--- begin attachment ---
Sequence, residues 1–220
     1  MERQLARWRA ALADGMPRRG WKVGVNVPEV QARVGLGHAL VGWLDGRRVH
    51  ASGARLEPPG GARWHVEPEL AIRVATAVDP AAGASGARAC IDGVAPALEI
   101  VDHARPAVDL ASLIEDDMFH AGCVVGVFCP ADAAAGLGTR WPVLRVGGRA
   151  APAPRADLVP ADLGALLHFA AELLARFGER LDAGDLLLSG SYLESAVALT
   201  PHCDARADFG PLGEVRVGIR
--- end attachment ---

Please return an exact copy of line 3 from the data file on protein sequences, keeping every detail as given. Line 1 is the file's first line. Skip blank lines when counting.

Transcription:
    51  ASGARLEPPG GARWHVEPEL AIRVATAVDP AAGASGARAC IDGVAPALEI